Part one of a three-part series

His stage persona is that of one mean hombre, so it was surprising to see Hollywood tough guy Clint Eastwood before Congress earlier this year seeking protection from a 10-year-old. But fans of Dirty Harry should take solace knowing that Eastwood’s adversary has brought literally thousands of others to their knees during its brief existence on the national landscape.

As witnessed by the large showing of support in Washington, D.C., last week celebrating the 10th anniversary of the Americans With Disabilities Act, the sweeping civil rights legislation has as many fans – or perhaps more – as it does detractors. Either way, the law has certainly changed the commercial real estate world forever, acknowledge industry observers.

Mark Wales, a Louisiana architect who serves as an ADA expert for the American Institute of Architects, said last week that the law has had a major effect on the way architects do business. But while insisting that the profession is dedicated to universal access in its designs, Wales maintains that the vagueness of the legislation’s language often makes it difficult to follow.

“The ADA can be very confusing,” Wales told Banker & Tradesman. “Right now, the only way an architect knows he has not met the law is when an action is taken against him.”

In the case of Eastwood, for example, the actor was sued for failing to make his hotel in Carmel, Calif., ADA compliant. Eastwood appeared before Congress to testify in favor of a measure which would give a property owner 90 days before legal action could be taken against them, the latest in a series of efforts to alter the measure.

Thus far, however, pro-ADA support has thwarted attempts to make substantial changes. According to Wales and several other people who attended last week’s extensive ceremonies in Washington feting the 10th anniversary, backers of the law far outweighed those who feel it has gone too far. Wales attended one hearing on the law and said nearly all of the comments were favorable.

Indeed, even those who have issues with the ADA acknowledge that it has made substantial progress in improving the built environment. “It has entered the lexicon of the profession, and at that level, everybody knows about it and deals with it,” said Boston architect Roger Goldstein. “People are simply integrating [accessibility] into the way they work.”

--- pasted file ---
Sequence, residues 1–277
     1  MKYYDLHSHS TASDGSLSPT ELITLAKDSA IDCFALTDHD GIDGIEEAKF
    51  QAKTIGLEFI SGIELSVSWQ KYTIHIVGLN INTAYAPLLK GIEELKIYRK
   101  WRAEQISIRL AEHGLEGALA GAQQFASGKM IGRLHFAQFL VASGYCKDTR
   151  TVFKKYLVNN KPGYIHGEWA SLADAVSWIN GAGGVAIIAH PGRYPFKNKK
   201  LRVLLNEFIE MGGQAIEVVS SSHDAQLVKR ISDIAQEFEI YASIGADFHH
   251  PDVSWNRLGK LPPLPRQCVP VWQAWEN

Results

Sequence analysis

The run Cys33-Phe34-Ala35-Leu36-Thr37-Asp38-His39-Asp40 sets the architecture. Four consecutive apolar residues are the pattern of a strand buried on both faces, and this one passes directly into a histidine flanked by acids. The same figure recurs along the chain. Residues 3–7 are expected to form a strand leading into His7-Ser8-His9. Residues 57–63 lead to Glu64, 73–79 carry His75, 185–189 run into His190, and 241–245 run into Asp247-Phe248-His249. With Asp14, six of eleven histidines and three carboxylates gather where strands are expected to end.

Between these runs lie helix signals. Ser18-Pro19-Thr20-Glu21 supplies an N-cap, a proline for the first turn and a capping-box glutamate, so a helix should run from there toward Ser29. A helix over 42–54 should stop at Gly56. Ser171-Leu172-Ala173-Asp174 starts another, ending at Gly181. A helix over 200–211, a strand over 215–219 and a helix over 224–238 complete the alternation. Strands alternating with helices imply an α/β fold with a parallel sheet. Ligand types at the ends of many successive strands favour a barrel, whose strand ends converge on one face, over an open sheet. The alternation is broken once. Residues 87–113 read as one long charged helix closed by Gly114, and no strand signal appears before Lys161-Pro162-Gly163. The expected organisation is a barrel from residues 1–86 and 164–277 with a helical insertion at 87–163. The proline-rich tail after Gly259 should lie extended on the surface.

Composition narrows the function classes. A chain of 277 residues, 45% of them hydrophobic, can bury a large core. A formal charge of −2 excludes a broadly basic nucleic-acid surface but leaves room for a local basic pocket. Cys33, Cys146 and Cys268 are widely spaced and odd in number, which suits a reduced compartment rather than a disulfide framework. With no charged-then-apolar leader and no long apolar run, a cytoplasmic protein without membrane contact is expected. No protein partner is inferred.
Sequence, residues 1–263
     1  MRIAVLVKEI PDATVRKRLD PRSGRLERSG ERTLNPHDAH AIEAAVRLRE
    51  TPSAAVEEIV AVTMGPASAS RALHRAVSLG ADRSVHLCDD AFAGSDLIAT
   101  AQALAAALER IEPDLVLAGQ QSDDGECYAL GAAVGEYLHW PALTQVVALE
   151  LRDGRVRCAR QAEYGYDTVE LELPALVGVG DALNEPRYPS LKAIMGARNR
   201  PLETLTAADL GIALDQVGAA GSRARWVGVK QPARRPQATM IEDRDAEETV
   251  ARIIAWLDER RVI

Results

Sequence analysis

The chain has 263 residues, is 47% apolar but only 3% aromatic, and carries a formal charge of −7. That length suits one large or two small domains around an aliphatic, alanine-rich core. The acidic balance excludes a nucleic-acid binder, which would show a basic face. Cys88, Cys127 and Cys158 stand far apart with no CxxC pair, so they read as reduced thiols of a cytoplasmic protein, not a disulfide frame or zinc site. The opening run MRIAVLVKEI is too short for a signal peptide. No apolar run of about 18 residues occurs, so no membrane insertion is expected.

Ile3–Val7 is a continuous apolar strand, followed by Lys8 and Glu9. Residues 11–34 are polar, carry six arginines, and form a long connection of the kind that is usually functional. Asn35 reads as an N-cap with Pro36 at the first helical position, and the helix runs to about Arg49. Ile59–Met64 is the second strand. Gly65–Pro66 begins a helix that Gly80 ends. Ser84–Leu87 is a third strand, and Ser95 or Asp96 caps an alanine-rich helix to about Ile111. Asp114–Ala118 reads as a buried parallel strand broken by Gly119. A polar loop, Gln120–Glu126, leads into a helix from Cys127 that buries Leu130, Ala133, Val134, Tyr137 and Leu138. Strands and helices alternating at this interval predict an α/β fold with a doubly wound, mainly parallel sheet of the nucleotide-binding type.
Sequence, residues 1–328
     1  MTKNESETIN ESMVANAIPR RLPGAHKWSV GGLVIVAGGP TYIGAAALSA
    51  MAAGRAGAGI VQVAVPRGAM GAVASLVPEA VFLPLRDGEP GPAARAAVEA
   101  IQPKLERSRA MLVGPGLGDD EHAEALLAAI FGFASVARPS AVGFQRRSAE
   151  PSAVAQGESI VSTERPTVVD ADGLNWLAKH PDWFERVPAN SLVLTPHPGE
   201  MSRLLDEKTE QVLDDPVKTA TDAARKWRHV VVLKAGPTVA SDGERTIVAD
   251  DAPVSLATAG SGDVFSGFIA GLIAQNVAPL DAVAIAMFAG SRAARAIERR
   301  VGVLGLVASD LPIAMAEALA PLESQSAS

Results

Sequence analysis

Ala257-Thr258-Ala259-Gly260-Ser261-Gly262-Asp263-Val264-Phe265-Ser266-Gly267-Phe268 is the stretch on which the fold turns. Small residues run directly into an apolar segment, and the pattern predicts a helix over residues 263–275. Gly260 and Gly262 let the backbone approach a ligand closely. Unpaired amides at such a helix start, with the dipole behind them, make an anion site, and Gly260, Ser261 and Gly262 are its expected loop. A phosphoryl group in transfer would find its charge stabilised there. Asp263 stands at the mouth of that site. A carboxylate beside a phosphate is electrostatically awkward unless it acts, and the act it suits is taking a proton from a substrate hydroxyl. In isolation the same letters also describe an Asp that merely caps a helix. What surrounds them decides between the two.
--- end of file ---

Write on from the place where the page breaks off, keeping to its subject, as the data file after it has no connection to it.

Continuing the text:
Goldstein said that the federal law has had less of an impact in the Bay State, which has had state accessibility regulations in place since the 1970s. However, he said the enforcement mechanism, run via the United States Department of Justice, has at times been “disruptive and confusing.”

State Regulations
One of the big battles at present is whether the federal government should allow state regulations such as those found in Massachusetts to serve as the local model. Due to differences between the ADA and state statutes, Wales said architects occasionally are caught between the two. In one recent instance in Texas, the DOJ certified the state code as the prevailing guideline, then turned around and sued a cinema operator who met those regulations but not the ADA.

“State certification has not proven very helpful to us,” Wales said. “If you do everything right and still get sued, that situation does not lead to much confidence in the process.”

There have been efforts to make the Massachusetts regulations the dominant code, but Goldstein said it would first require some changes at the state Legislature, and lawmakers have yet to approve any alterations. For the time being, Goldstein said, “you really have to look at the two of them together.”

Another problem, according to Wales, is that there are too many federal agencies involved in administering the ADA, with the U.S. Architectural Access Board charged with promulgating the regulations, but the DOJ with enforcing the law.

“They can give you technical assistance, but if the U.S. Access Board is doing training and the DOJ doesn’t unequivocally back what the access board is saying, it really loses its punch,” Wales said. “Nothing that the access board says is binding.”

For the most part, Massachusetts has avoided the high-profile lawsuits that have emanated from the ADA, although the architect for the Fleet Center was sued two years ago for not making the arena compliant. Access board spokesman David Yanchulis added that he believes the ADA has not been as onerous as it might appear when nuisance cases such as the lawsuit against Eastwood are aired.

“It’s not hard to find some ADA [stories] out there that [imply] it’s going too far, but there is a lot of good happening under the law that doesn’t get as much press as the negative cases,” said Yanchulis. “In any civil rights legislation, you are going to have a mixed bag of actions, but overall, [the ADA] has been a very favorable thing.”

Even so, Yanchulis acknowledged that many feel changes are needed in the law, and his board has been holding hearings nationally and inviting comment on how a new set of guidelines should be created. The lengthy effort has stretched on for years, but Yanchulis said his group hopes to have the new version in place by next July.

Real estate groups such as the AIA and the Building Owners and Managers Association are strongly backing the revisions, submitting comments and attempting to get their memberships involved. The AIA, meanwhile, is imploring the DOJ to “provide greater clarity and certainty in the ADA,” said R.K. Stewart, a member of the AIA Accessibility Task Force.

“Architects are committed to designing accessible facilities and public spaces, but will continue to find it difficult to do so until the DOJ provides clear and certain guidelines,” said Stewart, an architect for Gensler Assoc. in San Fransisco.

Now Celebrating 10th Year, ADA Has Adherents, Critics

by Banker & Tradesman time to read: 4 min